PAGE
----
John Spencer (Lord Mayor of London)

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Sir John Spencer (died 1610) was a successful English merchant and lord mayor of London.


He was the son of Richard Spencer of Waldingfield [1] in Suffolk, came to London, and as a merchant was nicknamed "Rich Spencer". His trade with Spain, Turkey, and Venice was substantial, and he was accused in 1591 of engrossing, with two other merchants, the whole trade with Tripoli. Queen Elizabeth I is said to have visited him at Canonbury House in 1581, a property he bought from Thomas Wentworth, 2nd Baron Wentworth in 1570.[2]

Spencer was a member of the Clothworkers' Company, and was elected alderman of Langbourn ward on 9 August 1587. He served the office of sheriff of London in 1583–4, and that of lord mayor in 1594–5. During his shrievalty he was engaged in hunting down papists in and around Holborn and the adjoining localities, and had to justify before the council the committal of Anthony Bassano and others among her majesty's musicians. The end of 1594 was a time great scarcity prevailed, and Spencer sent his precept to the city companies to replenish their store of corn at the granaries in the Bridge House for sale to the poor. He resisted a demand by Admiral Sir John Hawkins for possession of the Bridge House for the use of the navy and baking biscuits for the fleet.[2]

Spencer kept his mayoralty at his town residence, Crosby Place in Bishopsgate Street, which he had purchased and restored (it had passed from Antonio Bonvisi to alderman William Bond, father of Martin Bond).[3][4] In this sumptuous mansion during the course of 1604 Spencer entertained both the Duc de Sully (then M. de Rosny), while ambassador to England, and the youngest son of the Prince of Orange, with Barnevelt and Fulke, who came on a mission from Holland. Towards the close of his mayoralty he asserted the City of London's right, which it was feared the Crown would contest, to freely elect a recorder. Before the close of his mayoralty he received a knighthood.[2]

In May 1609 Spencer refused to contribute to an aid for James I on behalf of the young Henry Frederick, Prince of Wales; he also delayed his contribution of £200. to the amount subscribed by the Clothworkers' Company to the Ulster settlement, which was paid by his executors. Spencer was president of St. Bartholomew's Hospital from 1603.[2]

Spencer died, at an advanced age, on 3 March 1610, and his widow only survived him till 27 March. He was buried on 22 March, and Dame Alice on 7 April, in his parish church of St Helen, Bishopsgate, where an altar tomb monument was placed to his memory.[5] His funeral was on a most sumptuous scale. His fortune was variously estimated at very large sums, and the splendid inheritance is said for the time to have turned the brain of his son-in-law, Lord Compton. Among other estates, he possessed of the manors of Brooke Hall, Bower Hall, and Bocking, which he had obtained from the Queen on 1 August 1599. Spencer left nothing to public purposes.[2]

In Canonbury, a residential square which was laid out in 1963, is named after Sir John Spencer.[6] He, at the time, was Lord Mayor of London and had a country retreat at Canonbury in the early 17th Century. John Spencer Square had former residents include Labour Party Cabinet Minister Barbara Castle and her husband Ted Castle, journalist and GLC Alderman.[7][8][9]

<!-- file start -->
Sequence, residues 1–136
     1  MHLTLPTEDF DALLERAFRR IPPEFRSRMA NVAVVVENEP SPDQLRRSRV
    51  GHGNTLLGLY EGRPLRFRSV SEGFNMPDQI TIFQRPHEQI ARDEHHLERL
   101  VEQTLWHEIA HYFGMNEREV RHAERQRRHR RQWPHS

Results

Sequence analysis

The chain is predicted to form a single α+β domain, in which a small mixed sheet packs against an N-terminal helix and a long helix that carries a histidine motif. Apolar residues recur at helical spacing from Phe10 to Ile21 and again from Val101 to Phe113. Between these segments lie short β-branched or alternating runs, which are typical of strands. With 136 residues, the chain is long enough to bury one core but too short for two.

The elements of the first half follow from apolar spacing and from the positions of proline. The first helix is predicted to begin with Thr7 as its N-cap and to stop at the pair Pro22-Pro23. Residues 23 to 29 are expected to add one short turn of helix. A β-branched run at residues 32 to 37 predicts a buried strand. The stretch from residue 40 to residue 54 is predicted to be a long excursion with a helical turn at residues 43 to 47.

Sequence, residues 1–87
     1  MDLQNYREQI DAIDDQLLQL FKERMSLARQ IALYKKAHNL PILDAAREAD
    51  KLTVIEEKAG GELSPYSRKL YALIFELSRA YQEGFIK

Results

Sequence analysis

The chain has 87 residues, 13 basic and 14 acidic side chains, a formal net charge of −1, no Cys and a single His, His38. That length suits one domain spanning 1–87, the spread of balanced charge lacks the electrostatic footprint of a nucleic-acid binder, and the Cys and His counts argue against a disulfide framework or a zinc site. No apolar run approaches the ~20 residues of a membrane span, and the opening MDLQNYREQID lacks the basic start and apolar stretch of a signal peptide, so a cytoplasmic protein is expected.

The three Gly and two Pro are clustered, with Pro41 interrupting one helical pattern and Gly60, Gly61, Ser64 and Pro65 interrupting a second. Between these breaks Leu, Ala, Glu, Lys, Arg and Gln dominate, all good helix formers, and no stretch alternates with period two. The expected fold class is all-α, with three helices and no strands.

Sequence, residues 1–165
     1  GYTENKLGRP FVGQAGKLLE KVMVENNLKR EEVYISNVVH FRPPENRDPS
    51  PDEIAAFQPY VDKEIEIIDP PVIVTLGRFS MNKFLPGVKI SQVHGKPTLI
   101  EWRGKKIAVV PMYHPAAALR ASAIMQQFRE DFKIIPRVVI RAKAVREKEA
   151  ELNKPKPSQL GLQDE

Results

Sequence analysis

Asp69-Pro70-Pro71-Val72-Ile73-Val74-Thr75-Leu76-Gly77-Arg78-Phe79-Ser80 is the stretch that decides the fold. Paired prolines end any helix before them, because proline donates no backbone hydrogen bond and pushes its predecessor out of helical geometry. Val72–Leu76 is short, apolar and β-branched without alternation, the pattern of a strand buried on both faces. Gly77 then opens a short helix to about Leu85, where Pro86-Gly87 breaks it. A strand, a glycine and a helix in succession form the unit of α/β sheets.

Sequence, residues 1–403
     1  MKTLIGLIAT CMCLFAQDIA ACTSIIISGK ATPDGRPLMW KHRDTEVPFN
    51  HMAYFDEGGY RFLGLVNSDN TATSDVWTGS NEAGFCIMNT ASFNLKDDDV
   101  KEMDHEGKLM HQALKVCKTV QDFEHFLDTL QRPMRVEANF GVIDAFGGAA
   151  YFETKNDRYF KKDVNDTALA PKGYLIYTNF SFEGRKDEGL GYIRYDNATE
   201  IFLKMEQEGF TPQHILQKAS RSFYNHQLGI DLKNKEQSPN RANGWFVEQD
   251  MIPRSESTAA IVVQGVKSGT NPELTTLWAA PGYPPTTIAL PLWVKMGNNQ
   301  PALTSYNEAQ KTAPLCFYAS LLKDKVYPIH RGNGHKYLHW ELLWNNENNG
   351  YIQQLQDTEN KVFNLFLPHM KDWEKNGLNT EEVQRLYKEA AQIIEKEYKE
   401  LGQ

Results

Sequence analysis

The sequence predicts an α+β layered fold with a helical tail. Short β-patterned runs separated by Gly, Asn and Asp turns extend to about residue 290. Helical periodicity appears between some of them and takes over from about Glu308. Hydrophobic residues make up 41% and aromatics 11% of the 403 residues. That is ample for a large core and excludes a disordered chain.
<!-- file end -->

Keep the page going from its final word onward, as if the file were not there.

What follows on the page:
By his wife, Alice Bromfield, Spencer had an only child, Elizabeth, who in 1598 was sought in marriage by William Compton, 2nd Lord Compton. Spencer strongly disapproved of the match, but Compton's influence at court enabled him to procure Spencer's imprisonment in the Fleet Prison in March 1599 for ill-treating his daughter. The young lady was ultimately carried off by her lover from Canonbury House in a baker's basket. The marriage quickly followed, but Spencer gave his daughter no marriage portion. When, in May 1601, his daughter became a mother, he showed no signs of relenting. But some reconciliation apparently took place soon afterwards, it is said, through the intervention of Elizabeth.[2]


  1. ^ One or other of the two sister villages of Great Waldingfield and Little Waldingfield.
  2. ^ a b c d e f Lee, Sidney, ed. (1898). "Spencer, John (d.1610)" . Dictionary of National Biography. 53. London: Smith, Elder & Co.
  3. ^ Edward Lushington Blackburn (1834). An Architectural and Historical Account of Crosby Place, London: Compiled from Original and Unpublished Sources, with an Appendix of Illustrative Documents and Fac-simile Autographs of Several of Its Ancient Possessors. J. Williams. p. 57.
  4. ^ Archer, Ian W. "Spencer, Sir John". Oxford Dictionary of National Biography (online ed.). Oxford University Press. doi:10.1093/ref:odnb/26130.(Subscription or UK public library membership required.)
  5. ^ Minnie Reddan and Alfred W. Clapham (1924). "St. Helen's Bishopsgate: Monuments within the church". Survey of London: volume 9: The parish of St Helen, Bishopsgate, part I. Institute of Historical Research. Retrieved 23 April 2014.
  6. ^ "John Spencer Square". Retrieved 16 November 2018.
  7. ^ Brown, Rosemary (Spring 2012). "LOVE'S LABOUR LOST" (PDF). The Canonbury Society. DIAMOND JUBILEE ISSUE.
  8. ^ Palmer, Michael (1981). The European Parliament: What It Is · What It Does · How It Works. Pergamon Press. p. 155. ISBN 0080245366.
  9. ^ "North Cross Route". Retrieved 16 November 2018.


 This article incorporates text from a publication now in the public domainLee, Sidney, ed. (1898). "Spencer, John (d.1610)". Dictionary of National Biography. 53. London: Smith, Elder & Co.